When the old town of Sangkhlaburi was submerged thirty years ago to make way for the Vajiralongkorn hydroelectric dam, all but the Buddhist temple disappeared entirely from view. Today the structure of Wat Samprasob, meaning ‘three confluences’ and so named because the nearby joining of three rivers from Burma and elsewhere in Thailand, can still be seen to a varying extent depending on the level of water in the lake. An early-morning trip out amidst the eery mist rising from the water is both relaxing and enchanting, and at different times you can either swim or kayak among or walk around and inside the rooms of the temple complex. When the water is at its very highest only a small white stupa is visible, put in when the temple was relocated and installed high enough to resist the tides. Better still, you are likely to have the temple grounds almost entirely to yourself – save for a few children from nearby ethnic Mon villages who sell offerings to be made inside the old temple building. Book a boat trip directly with locals along the bamboo bridge; for 250-300 baht they will ride you out and give an in-depth and often intensely personal account of life at Wat Samprasob, including in the WW2 Death Railway era. My teenage guide was keen to stress the strength of the temple structures – the main hall is almost entirely intact despite over three decades of erosion – and the devotion to the local people of the temple’s former master monk, Luangpor Uttama.
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Visit the morning Mon market
After you’ve caught sunrise by wandering across the bamboo bridge at dawn, drop by the morning market to see a slice of typical daily life on the Mon side of town. Locals rise early and shop for fresh food and everyday staples; it’s much like the fresh markets you find elsewhere in Thailand, except for the unmissable injections of Mon culture in the dress and in the specialities that are there to be chowed down on. To get here, follow the signs once leaving the bridge on the Mon side – and on the way, look out for truckloads of children on their way to school, who are bound to shoot you a smile.
Wander the glittering Wat Wang Wiwekaram temple
This unmistakeable temple can be seen right from the other side of the lake, looking out from spots such as P Guest House. The geometric shapes on the rectangular shaped chedi are distinctive and each house a miniature Buddha image, and the grounds make for a meditative place to take a wander. The remains of the temple’s head monk remain on display inside the main building, where you can be blessed with water by a monk and receive a wooden beaded necklace to bring you good fortune. It’s possible to reach Wat Wang Wiwekaram by following the signs from the exit from the bamboo bridge, but it’s a long trek – alternatively, a motorbike taxi will take you there either from the bridge or from town, for no more than around 30 baht.
Experience Sangkhlaburi’s new walking street
I admit that I was sceptical when I first heard about the plans of a friend, prominent in Sangkhlaburi, to introduce a walking street. Did he want to turn the town into Pattaya!? The peace, quiet and lack of mainstream tourist attractions are precisely what bring most people here in the first place. But my mind was put at ease when I first visited this monthly event, which has a local feel in every sense. There is food – and plenty of it – plus performances by local musicians and dancers and a great selection of handicrafts made by people from Sangkhlaburi and the surrounding villages. It’s a real community occasion when everyone pours out of their houses and joins in the fun; I’ve never seen the streets around the town’s market area so busy. Ask your guest house when the walking street is next happening – things kick off in the late afternoon and run for several hours.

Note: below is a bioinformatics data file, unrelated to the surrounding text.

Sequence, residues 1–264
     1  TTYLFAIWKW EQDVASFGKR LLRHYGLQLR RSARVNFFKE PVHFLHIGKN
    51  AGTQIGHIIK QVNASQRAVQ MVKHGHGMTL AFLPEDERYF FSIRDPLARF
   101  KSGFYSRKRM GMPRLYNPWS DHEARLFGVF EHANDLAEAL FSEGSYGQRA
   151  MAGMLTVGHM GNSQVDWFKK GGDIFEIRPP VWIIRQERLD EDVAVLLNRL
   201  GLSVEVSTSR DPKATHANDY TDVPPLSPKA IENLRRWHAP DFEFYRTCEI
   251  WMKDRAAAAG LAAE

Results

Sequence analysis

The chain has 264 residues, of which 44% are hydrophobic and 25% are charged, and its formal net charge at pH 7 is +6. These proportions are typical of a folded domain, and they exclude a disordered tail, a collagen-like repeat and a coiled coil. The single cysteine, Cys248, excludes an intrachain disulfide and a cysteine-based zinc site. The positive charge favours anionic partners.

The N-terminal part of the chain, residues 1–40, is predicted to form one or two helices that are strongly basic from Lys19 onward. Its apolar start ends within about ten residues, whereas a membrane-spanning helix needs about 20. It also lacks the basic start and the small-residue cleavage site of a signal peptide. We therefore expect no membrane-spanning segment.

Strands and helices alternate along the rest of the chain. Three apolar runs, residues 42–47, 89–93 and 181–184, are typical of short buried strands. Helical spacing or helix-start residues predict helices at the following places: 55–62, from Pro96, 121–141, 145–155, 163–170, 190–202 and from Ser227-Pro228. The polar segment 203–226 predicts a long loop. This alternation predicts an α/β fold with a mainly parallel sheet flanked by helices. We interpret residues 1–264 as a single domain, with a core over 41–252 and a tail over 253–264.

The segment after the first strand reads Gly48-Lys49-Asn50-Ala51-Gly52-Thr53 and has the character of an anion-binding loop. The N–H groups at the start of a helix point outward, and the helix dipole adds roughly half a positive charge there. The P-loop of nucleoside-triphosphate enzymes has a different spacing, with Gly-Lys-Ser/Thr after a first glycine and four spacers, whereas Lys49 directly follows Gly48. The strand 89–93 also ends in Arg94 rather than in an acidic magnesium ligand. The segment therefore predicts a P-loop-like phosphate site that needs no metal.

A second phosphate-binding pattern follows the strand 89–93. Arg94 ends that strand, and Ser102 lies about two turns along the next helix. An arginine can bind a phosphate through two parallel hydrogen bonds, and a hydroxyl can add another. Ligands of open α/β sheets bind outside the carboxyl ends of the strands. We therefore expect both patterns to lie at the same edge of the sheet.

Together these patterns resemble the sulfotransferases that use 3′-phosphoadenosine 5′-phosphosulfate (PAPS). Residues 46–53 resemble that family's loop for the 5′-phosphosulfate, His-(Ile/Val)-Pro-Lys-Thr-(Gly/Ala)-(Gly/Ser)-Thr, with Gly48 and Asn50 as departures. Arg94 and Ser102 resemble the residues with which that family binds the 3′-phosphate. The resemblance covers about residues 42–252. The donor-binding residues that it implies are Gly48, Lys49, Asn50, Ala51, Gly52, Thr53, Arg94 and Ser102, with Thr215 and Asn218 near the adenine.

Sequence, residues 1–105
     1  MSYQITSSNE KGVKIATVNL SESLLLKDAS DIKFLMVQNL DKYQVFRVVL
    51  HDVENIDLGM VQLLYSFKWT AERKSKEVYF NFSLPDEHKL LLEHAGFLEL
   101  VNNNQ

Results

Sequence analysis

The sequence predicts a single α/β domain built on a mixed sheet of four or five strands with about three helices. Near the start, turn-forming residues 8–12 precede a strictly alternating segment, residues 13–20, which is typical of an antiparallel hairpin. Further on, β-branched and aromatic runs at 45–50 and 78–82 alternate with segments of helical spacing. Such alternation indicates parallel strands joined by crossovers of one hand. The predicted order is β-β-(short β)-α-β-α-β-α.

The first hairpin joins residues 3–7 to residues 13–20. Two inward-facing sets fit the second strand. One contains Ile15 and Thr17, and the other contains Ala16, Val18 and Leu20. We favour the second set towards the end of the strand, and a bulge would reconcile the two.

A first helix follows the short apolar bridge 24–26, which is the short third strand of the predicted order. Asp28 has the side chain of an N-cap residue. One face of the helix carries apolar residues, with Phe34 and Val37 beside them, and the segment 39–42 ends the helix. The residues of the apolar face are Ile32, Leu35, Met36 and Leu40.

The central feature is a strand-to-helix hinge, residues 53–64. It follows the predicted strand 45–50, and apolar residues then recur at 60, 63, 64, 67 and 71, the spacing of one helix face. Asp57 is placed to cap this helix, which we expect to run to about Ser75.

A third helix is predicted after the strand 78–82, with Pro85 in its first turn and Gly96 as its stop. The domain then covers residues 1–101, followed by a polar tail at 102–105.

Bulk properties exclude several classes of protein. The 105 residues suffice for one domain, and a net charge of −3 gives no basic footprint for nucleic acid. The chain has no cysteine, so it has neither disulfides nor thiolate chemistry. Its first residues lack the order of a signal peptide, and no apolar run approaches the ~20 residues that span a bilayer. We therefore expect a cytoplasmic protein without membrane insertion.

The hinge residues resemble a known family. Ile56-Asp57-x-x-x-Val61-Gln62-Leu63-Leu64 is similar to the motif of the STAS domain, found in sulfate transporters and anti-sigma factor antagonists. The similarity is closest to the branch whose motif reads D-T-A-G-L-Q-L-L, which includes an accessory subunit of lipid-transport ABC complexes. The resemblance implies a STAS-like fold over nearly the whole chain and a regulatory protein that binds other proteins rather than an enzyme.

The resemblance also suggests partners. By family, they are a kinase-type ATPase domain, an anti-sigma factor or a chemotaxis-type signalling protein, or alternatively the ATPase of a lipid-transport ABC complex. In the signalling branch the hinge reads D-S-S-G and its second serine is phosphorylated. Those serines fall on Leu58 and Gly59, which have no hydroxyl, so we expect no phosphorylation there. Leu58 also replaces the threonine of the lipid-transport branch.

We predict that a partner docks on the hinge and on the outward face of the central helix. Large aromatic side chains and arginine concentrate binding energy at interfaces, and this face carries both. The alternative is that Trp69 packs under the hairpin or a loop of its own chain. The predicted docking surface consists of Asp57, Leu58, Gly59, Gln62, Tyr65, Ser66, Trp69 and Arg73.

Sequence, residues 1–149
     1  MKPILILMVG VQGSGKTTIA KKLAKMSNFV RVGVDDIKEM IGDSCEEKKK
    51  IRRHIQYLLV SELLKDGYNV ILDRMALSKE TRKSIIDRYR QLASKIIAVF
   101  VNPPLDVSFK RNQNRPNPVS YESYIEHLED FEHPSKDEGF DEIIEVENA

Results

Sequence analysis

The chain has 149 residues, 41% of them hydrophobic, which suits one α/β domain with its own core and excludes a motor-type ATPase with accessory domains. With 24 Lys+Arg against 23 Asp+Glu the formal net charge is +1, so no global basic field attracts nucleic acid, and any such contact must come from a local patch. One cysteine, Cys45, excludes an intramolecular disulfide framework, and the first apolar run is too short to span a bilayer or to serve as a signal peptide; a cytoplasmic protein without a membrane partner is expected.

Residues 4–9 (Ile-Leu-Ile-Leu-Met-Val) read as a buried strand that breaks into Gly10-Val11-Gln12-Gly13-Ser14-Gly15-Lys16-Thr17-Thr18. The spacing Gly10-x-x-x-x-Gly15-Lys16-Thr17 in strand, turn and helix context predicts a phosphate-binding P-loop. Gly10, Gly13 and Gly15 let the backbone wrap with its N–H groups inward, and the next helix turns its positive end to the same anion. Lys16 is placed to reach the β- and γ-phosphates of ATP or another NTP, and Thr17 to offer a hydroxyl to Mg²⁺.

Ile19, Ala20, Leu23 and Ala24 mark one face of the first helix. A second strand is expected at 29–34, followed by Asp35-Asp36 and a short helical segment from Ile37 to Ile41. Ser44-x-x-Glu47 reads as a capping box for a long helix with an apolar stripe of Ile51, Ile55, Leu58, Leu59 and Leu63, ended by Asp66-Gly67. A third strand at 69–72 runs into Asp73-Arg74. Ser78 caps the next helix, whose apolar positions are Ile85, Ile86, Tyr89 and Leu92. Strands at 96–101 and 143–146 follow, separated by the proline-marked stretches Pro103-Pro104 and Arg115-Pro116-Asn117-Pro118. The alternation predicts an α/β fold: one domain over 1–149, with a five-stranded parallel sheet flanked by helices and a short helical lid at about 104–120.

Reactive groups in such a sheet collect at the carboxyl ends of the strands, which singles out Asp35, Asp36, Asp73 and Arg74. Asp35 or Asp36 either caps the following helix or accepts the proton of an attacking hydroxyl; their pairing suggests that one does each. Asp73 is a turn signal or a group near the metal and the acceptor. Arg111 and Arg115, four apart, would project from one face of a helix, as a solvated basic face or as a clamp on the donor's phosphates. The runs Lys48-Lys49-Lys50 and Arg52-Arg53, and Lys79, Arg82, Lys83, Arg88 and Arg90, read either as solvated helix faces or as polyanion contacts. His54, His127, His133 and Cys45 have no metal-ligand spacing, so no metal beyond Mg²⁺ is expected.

How to get there
Unless you have your own transport, Sangkhlaburi can only be reached by bus or minivan. From Bangkok a daily seven-hour direct bus runs the whole journey, but you’ll make it in quicker time and have a chance to stretch your legs if you break things up in Kanchanaburi. Get there by bus from the Mochit northern or Sai Tai Mai southern bus terminals, or by van from either of those terminals or Victory Monument – expect to pay around 120 baht for the roughly two-and-a-half-hour ride. Once at Kanchanaburi bus station (also a good spot to take an overnight rest stop, depending on your travelling stamina) ask to be pointed to the ticket office for minivans to Sangkhlaburi, which is directly opposite the bus station on the rear side and has a large pink banner draped outside advertising itself in English and Thai. The fare is 175 baht and the journey takes between three and a half and four hours; cheaper local buses also run to Sangkhlaburi from inside the bus terminal itself, but it’s a hairy-scary journey twisting through the mountains on an old rusty bus. On arrival in Sangkhlaburi, minivans and buses all stop on the first street of the market from where you can walk to most guest houses or pick up a motorbike taxi (if none are visible, walk to the end of the street away from the direction the bus or van entered, turn left and you should spot some in a shelter on the other side of the road). Reliable accommodation options include Chuen Jai Guest House (see above), P Guest House and Haiku Guesthouse (also see above).